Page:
The interdisciplinary volume Transfer of Buddhism across Central Asian Networks (7th to 13th Centuries), edited by Carmen Meinert, offers a new transregional and transcultural vision for religious transfer processes in Central Asian history. It looks at the region as an integrated (religious) whole rather than from the perspective of fragmented sub-disciplines and analyses the spread of Buddhism as a driving force in a societal and cultural change of pan-Asian importance. One particular dimension of this ‘Buddhist globalisation’ was the rise of local forms of Buddhism. This volume explores Buddhist localisations through manuscripts and material culture in the multiethnic oases of the Tarim basin, the Transhimalyan region of Zangskar, Ladakh and Kashmir and the Western Tibetan Kingdom of Purang-Guge.
Contributors are: Kazuo Kano, Deborah Klimburg-Salter, Rob Linrothe, Linda Lojda, Carmen Meinert, Henrik H. Sørensen, Monica Strinu, Gertraud Taenzer, Sam van Schaik, and Jens Wilkens.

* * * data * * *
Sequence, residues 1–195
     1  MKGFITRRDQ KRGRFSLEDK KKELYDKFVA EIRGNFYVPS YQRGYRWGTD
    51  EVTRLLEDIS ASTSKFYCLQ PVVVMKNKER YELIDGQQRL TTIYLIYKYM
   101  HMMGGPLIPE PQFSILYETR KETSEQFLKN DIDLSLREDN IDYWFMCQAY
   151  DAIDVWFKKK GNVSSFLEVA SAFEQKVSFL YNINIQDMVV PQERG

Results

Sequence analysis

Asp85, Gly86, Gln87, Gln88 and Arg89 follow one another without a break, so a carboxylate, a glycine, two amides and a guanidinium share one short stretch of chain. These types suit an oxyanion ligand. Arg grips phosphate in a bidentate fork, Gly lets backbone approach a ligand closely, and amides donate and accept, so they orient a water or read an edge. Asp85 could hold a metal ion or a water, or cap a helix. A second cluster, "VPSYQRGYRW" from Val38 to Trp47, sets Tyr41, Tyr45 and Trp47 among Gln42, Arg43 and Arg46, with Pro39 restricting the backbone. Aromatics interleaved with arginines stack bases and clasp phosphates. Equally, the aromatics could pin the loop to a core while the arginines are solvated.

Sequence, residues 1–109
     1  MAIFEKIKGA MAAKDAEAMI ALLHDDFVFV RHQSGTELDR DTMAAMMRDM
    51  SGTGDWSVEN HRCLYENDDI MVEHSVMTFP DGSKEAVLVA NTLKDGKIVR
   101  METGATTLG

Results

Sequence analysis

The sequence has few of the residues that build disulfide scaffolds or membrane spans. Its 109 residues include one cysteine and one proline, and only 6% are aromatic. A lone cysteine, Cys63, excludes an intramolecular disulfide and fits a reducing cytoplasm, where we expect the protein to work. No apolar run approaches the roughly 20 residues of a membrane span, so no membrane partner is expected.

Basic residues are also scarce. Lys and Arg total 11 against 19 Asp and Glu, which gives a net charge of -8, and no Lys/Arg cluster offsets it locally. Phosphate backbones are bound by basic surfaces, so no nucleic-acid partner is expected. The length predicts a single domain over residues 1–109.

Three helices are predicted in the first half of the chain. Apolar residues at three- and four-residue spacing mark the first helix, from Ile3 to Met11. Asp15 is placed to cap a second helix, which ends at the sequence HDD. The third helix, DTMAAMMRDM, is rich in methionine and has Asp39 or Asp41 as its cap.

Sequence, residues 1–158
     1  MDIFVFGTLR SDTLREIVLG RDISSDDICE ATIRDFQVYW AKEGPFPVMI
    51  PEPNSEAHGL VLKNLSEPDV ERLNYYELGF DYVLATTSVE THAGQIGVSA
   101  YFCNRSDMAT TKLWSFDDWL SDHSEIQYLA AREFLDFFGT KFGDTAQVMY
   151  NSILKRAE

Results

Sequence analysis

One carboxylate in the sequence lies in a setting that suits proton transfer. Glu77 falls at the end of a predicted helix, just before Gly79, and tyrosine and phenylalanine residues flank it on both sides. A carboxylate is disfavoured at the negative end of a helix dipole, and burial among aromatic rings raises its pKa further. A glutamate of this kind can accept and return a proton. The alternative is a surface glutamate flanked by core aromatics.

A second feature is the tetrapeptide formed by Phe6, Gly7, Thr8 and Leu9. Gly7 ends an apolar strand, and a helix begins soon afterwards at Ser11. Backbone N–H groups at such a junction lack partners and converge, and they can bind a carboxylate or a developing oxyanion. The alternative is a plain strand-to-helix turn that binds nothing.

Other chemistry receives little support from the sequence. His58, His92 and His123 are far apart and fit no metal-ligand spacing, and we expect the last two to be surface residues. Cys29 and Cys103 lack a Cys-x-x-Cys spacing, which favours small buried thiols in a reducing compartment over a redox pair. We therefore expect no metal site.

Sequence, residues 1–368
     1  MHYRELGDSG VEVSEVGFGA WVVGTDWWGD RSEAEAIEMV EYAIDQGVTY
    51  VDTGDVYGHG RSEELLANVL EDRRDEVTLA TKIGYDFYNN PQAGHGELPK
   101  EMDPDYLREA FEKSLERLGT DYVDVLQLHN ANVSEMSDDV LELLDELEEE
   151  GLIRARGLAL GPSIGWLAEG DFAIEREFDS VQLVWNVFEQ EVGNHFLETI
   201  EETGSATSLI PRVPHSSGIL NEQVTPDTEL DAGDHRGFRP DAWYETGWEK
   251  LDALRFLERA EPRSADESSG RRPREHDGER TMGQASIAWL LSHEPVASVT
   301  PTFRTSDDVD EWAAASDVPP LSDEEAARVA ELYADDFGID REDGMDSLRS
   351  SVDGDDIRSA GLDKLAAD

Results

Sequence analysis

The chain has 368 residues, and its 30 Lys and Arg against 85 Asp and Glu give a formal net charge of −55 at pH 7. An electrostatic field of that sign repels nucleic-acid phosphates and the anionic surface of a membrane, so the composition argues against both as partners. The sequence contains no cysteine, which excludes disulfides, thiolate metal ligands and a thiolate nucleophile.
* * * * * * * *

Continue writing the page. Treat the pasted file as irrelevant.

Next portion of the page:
Carmen Meinert, Dr. phil. (2001), Bonn University, is Professor of Central Asian Religions at Bochum University. She has published on Buddhism in Central Asia, on Tibetan-Chinese relations, and monographs including Buddha in the Yurt — Buddhist Art from Mongolia (Hirmer, 2011).
Notes on contributors
- Introduction: Dynamics of Buddhist Transfer in Central Asia
- Changing political and Religious Contexts in Central Asia on a Micoro-Historical Level
Chapter 1: Changing Relations between Administration, Clergy and Lay People in Eastern Central Asia: A Case Study According to the Dunhuang Manuscripts Referring to the Transition from Tibetan to Local Rule in Dunhuang, 8th–11th Centuries
- Textual Transfer
Chapter 2: Tibetan Buddhism in Central Asia: Geopolitics and Group Dynamics
SAM VAN SCHAIK
Chapter 3: The Transmission of Sanskrit Manuscripts from India to Tibet: The Case of a Manuscript Collection in the Possession of Atiśa Dīpaṃkaraśrījñāna (980–1054)
- Visual Transfer
Chapter 4: The Tibetan Himalayan Style: Considering the Central Asian Connection
LINDA LOJDA/DEBORAH KLIMBURG-SALTER/ MONICA STRINU
Chapter 5: Origins of the Kashmiri Style in the Western Himalayas: Sculpture of the 7th–11th Centuries
- Transfer Agents
Chapter 6: Buddhism in the West Uyghur Kingdom and Beyond
Chapter 7: Esoteric Buddhism at the Crossroads: Religious Dynamics at Dunhuang, 9th–10th Centuries
HENRIK H. SØRENSEN
All interested in an interdisciplinary approach towards understanding religious transfer processes across a Central Asian Buddhist network, best known as the Silk Road(s).